We started our Storyboards with the 7th and 8th grade students as a part of their “Strut Your Stuff” projects (students create a tri-fold board with their Storyboard, examples of their best work from the year, results of a career interest survey, information about their learning style, and whatever else they want to include about themselves. These tri-fold boards are displayed during the JR High Awards Ceremony) and we were able to use class time to help them complete their posters.

Thus far, student response has been positive. Having creative and fun posters to talk about your goals definitely helped, and telling them that they would be displayed at the “Strut Your Stuff” Ceremony motivated students to take the project more seriously.

I have attached a photo of the 7th and 8th grade Storyboard I created using the amazing and FREE canva.com (100% recommend for all your graphic design needs!!). If you would like view Storyboards for each grade level, they are available on the THS GEAR UP blog (thsgearup.blogspot.com). If you have any questions or ideas to add to our Storyboards, please share! You can reach me via email at spurlin@mtcompact.org.

Wednesday, April 25, 2018

MTCC VISTA AUBREE PIERCE TRAVELS TO INDY!

Guest Blogger: MTCC VISTA Aubree Pierce
______________________________________________________________

The BoBPantry at MSU relies upon student support and enthusiasm for the project. Not just as volunteers during pantry operating hours, but to help spread awareness of food insecurity and food waste on campus and to break down the stigma around hunger and receiving food assistance. The Food Resource Council student club is the driving force, the lifeblood, and the reason why the BoB Pantry has been so successful during its pilot year.


Over the weekend of March 24th-25th, 2018 I traveled to the Campus Kitchens Food Waste and Hunger Summit in Indianapolis with my VISTA supervisor, who is also the faculty advisor for the Food Resource Council (FRC) student club, along with three other students who are part of the FRC leadership team. This experience gave these students an opportunity to hear about other initiatives to alleviate food waste and food insecurity nationwide and helped reinvigorate their passion for the work that we are doing through the BoB Pantry.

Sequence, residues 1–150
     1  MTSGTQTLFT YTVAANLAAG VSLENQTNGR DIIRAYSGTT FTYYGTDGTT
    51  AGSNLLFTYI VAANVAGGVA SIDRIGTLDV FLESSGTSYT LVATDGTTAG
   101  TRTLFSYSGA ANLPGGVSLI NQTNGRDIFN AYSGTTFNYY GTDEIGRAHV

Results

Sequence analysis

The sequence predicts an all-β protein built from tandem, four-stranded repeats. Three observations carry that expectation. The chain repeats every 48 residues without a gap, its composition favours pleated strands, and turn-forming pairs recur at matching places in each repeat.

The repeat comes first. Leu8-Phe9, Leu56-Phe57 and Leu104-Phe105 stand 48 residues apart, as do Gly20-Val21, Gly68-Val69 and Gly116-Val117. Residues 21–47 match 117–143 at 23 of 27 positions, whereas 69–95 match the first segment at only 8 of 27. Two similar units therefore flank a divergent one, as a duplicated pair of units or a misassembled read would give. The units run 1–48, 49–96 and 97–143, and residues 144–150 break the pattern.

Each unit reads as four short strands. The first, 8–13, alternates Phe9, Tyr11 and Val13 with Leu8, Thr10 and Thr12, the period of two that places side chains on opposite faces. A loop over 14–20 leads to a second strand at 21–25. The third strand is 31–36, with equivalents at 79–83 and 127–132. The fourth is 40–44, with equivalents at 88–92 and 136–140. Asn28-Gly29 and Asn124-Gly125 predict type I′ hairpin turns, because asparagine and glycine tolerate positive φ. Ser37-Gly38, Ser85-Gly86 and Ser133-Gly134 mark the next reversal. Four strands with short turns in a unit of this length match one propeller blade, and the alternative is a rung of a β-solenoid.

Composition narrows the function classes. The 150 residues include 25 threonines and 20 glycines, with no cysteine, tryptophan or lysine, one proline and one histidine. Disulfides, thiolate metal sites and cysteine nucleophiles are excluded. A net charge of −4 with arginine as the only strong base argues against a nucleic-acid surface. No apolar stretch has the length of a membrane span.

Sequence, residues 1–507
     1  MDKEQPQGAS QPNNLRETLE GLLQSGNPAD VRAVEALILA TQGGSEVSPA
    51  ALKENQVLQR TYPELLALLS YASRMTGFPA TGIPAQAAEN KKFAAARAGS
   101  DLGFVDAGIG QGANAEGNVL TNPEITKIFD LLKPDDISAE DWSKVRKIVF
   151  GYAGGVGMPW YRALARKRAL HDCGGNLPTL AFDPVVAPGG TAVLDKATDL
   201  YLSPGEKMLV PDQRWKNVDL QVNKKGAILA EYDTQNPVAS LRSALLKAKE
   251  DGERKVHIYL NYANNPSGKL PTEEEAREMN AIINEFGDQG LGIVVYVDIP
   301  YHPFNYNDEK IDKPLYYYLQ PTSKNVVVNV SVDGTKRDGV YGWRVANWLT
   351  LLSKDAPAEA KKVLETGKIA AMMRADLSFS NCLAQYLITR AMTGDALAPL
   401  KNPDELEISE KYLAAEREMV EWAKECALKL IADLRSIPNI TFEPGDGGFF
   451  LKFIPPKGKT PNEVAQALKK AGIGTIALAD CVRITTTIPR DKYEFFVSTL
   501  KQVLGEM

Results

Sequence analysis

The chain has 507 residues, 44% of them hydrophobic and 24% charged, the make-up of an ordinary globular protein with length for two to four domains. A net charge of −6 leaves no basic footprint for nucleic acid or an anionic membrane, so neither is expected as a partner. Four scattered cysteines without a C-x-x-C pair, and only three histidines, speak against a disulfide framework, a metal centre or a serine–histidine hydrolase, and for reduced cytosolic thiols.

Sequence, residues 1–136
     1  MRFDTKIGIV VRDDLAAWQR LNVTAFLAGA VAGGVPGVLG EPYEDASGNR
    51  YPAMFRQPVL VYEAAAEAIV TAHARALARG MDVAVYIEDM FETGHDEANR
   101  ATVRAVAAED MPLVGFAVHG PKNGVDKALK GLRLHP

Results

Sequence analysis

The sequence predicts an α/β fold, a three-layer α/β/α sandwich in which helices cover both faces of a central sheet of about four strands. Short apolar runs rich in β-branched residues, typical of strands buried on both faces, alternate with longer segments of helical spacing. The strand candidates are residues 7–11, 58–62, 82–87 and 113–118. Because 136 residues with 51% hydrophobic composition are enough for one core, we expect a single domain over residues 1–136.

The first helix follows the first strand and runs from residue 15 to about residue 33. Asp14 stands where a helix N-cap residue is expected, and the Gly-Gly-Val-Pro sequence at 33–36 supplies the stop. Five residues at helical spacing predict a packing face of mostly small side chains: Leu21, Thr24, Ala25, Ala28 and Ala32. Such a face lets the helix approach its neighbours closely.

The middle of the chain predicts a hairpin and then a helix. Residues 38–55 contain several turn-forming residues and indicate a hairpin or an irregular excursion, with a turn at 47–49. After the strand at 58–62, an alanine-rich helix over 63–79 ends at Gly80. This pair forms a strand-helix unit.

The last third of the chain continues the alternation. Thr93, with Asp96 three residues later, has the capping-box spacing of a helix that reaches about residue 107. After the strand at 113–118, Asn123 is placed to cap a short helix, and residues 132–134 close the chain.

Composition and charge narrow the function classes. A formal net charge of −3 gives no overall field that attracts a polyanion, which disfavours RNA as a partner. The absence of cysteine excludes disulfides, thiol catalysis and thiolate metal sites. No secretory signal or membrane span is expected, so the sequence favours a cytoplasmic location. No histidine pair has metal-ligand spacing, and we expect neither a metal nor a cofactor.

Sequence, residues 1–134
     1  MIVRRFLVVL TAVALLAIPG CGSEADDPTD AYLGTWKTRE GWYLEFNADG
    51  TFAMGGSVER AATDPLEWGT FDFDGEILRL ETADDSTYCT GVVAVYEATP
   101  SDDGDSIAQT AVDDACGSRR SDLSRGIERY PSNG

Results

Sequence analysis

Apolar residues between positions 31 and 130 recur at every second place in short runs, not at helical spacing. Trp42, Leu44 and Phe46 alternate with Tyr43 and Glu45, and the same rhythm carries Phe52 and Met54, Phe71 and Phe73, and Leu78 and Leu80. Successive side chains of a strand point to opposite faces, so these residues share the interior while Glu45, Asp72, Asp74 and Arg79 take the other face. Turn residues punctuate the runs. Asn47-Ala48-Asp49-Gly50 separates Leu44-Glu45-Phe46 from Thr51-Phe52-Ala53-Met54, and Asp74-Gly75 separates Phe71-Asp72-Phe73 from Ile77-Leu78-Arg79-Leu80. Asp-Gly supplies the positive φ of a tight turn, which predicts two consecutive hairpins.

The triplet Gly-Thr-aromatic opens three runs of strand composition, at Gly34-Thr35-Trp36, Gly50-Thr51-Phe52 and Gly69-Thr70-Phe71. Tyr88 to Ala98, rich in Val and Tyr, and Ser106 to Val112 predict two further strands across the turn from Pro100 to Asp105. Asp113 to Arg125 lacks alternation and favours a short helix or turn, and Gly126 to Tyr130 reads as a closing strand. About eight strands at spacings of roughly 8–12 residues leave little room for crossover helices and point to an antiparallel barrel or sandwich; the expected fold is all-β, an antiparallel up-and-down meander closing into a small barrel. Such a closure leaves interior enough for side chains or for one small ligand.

At this conference, the FRC students and I presented on the Bounty of the Bridgers MSU Food Pantry, and we held a problem-solving decision making open house session. We asked that attendees of the session pair up, present a problem or obstacle that they have been facing to their partner, and discuss potential solutions with their partner. This activity gave individuals an opportunity to receive an outside perspective on obstacles or barriers that they have been facing and a chance to talk about their problems with someone new. Our presentation also provided perspective on our pantry model that some in their beginning stages may take direction from. My supervisor attended this conference in 2017, and she said, “It’s amazing to see how far we have come in the last year. When we were here last year, we were the ones asking the questions and now we are the ones answering the questions.”


We also had the opportunity to learn about the campus pantry at IUPUI, the host college for the conference. This pantry is in the stage that the BoB Pantry is currently transitioning into, so being able to network with the pantry coordinators at this site and familiarize myself with their operations was exceptionally beneficial to beginning planning the BoB Pantry’s phase 2 operations.

This was a wonderful experience to share with the students and for myself as a young professional. I am happy that the students were able to immerse themselves for a weekend into these important issues motivating them to keep working diligently to improve food security and food access. This conference exposed me to several national initiatives to combat hunger on college campuses and boosted my enthusiasm for and dedication to alleviating food insecurity. I hope that next year’s VISTA for this project will have the opportunity for this experience as well.


Wednesday, March 21, 2018

OPPORTUNITIES!

Told by Montana Tech's AmeriCorps Team Leader Rachel Towsnend.
_____________________________________________________

TRIO Day students attend the Closing Ceremony hosted by Montana Tech Chemistry



“This is so awesome! Much cooler than a tour around campus…”